The district court instructed the jury that “[t]he term property includes not only money and other physical or tangible things, but also any valuable right considered as a source or element of wealth.”   Moreover, “[t]he pursuit of a business, including the solicitation of customers necessary to the conduct of the business, is considered property, as are the proceeds of a business.”   Further, the court charged that “[i]t does not matter ․ if the victim's initial acquisition or possession of tangible property was illegal, or if the business in which the victim is engaged is illegal.   Illegally obtained assets and businesses conducted in violation of the law can constitute property.”

 While acknowledging that an intangible good may constitute property under New York law, defendants challenge this instruction on the ground that “control over illegal gambling” does not constitute property because a legal right to the alleged property is required before it can qualify as property under New York law.   They contend that because the Luccheses and the various victims had no legal right to operate an illegal gambling business, Racketeering Acts Four and Five did not sufficiently allege extortion.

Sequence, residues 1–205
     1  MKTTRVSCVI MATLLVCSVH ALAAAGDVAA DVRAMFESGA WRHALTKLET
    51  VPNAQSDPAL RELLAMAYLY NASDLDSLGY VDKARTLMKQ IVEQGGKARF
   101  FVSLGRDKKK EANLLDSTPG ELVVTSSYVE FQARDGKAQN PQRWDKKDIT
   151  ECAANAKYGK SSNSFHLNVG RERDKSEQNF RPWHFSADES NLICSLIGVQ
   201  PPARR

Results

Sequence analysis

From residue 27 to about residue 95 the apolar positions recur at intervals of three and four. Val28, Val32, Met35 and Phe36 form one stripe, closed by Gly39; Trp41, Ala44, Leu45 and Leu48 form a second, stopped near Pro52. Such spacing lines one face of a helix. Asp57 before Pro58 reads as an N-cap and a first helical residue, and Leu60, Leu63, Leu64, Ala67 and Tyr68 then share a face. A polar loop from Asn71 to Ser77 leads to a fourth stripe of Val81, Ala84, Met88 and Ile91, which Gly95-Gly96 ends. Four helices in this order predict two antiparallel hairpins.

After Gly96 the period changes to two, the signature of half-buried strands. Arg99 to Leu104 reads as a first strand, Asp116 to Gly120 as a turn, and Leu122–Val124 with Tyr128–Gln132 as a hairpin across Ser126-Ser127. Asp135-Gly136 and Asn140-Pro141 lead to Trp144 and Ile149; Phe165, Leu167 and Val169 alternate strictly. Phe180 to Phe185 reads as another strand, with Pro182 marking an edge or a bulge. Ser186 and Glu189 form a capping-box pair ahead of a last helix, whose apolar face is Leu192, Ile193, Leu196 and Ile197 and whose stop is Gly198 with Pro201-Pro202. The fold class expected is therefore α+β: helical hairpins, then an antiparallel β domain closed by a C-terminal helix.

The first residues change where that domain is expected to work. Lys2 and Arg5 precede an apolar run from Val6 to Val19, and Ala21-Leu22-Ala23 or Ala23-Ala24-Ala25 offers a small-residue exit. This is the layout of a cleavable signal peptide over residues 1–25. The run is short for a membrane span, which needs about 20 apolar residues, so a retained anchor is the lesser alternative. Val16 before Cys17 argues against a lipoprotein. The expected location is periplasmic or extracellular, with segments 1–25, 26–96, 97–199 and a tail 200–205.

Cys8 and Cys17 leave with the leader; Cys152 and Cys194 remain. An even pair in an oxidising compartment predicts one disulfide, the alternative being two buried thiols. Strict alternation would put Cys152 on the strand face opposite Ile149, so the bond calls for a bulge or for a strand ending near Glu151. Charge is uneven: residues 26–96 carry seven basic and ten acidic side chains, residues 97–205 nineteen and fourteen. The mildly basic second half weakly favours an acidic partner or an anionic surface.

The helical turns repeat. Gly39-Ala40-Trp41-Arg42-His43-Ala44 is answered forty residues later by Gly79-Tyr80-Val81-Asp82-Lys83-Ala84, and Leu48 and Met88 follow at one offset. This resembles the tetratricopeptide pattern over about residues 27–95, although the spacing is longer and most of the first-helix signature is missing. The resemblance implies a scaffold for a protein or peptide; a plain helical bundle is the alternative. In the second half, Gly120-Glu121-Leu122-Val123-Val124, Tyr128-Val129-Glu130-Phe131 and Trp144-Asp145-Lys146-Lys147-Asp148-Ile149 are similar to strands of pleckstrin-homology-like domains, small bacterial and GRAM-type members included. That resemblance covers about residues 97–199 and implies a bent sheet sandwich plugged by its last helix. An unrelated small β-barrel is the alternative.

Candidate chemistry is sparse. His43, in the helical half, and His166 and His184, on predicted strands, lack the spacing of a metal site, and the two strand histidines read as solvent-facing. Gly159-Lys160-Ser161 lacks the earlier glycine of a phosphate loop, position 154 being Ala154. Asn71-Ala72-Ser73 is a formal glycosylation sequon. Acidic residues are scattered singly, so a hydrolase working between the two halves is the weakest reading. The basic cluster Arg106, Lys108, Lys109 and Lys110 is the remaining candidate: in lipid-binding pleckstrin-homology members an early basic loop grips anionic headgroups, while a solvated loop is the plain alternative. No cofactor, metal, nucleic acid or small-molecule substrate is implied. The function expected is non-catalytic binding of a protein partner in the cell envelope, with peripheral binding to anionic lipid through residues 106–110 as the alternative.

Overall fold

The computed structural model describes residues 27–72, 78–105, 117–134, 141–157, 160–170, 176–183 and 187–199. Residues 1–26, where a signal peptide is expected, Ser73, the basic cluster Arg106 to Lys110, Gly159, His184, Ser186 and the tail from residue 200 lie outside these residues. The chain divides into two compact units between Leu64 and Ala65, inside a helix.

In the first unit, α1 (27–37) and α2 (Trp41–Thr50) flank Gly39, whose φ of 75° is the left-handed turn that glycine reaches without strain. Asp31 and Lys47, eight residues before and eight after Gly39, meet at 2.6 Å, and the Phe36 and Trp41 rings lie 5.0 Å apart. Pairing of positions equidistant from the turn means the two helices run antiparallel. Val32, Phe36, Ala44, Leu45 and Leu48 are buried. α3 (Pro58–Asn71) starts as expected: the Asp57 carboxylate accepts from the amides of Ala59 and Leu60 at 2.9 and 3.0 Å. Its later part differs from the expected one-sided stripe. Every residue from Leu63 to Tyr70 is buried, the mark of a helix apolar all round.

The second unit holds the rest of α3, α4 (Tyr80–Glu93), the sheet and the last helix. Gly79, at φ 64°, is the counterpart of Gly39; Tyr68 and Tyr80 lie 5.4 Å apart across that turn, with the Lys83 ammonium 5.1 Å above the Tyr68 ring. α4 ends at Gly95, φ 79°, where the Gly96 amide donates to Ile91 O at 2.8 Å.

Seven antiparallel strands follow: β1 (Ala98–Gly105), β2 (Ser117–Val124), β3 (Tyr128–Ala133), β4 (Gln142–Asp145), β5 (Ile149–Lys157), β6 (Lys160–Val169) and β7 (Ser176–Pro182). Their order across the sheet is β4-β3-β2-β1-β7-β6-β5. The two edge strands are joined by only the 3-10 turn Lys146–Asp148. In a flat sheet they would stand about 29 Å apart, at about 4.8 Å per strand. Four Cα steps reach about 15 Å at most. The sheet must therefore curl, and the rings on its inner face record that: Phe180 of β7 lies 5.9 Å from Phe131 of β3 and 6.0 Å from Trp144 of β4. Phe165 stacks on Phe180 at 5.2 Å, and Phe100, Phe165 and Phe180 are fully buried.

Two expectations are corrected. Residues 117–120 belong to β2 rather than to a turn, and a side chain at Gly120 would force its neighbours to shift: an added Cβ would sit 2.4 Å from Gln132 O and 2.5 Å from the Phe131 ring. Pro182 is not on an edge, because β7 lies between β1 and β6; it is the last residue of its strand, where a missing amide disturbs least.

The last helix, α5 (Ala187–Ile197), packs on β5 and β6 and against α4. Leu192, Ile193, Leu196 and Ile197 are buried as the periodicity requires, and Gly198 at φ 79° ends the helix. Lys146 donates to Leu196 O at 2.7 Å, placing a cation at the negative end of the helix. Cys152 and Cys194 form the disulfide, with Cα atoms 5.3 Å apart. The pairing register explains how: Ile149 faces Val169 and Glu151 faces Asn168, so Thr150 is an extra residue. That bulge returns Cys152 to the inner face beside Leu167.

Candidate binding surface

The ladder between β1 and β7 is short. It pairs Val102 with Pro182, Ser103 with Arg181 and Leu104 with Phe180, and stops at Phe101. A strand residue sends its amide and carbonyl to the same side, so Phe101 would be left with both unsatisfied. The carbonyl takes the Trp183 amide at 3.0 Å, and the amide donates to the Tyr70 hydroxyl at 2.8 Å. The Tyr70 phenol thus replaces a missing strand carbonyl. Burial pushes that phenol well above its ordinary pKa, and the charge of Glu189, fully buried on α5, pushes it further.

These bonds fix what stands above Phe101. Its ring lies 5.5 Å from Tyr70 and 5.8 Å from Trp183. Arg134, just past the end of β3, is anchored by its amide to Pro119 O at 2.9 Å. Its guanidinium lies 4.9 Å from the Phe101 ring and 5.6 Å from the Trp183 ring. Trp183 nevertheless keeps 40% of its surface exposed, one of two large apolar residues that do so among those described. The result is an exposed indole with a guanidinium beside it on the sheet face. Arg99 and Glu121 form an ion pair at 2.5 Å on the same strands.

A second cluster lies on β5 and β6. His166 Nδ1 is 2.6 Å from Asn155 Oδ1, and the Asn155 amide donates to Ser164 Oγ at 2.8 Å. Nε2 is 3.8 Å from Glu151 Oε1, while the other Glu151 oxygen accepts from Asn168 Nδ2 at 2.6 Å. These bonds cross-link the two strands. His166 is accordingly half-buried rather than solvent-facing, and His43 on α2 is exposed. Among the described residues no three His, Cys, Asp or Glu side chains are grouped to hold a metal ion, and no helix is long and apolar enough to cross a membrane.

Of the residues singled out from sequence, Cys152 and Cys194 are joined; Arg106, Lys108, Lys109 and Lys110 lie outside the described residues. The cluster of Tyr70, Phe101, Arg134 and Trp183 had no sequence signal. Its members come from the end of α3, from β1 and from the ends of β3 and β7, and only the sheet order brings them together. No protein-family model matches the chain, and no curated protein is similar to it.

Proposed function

We agree with the district court that an illegal gambling business can constitute property under New York law.   The statute broadly defines “property” as “any ․ personal property, real property ․ substance or thing of value ․ which is provided for a charge or compensation.”  N.Y. Penal Law § 155.00(1).   Illegal intangible property, such as that contemplated here, fits within this expansive definition:  control over illegal gambling is a “thing of value” which is “provided for ․ compensation.”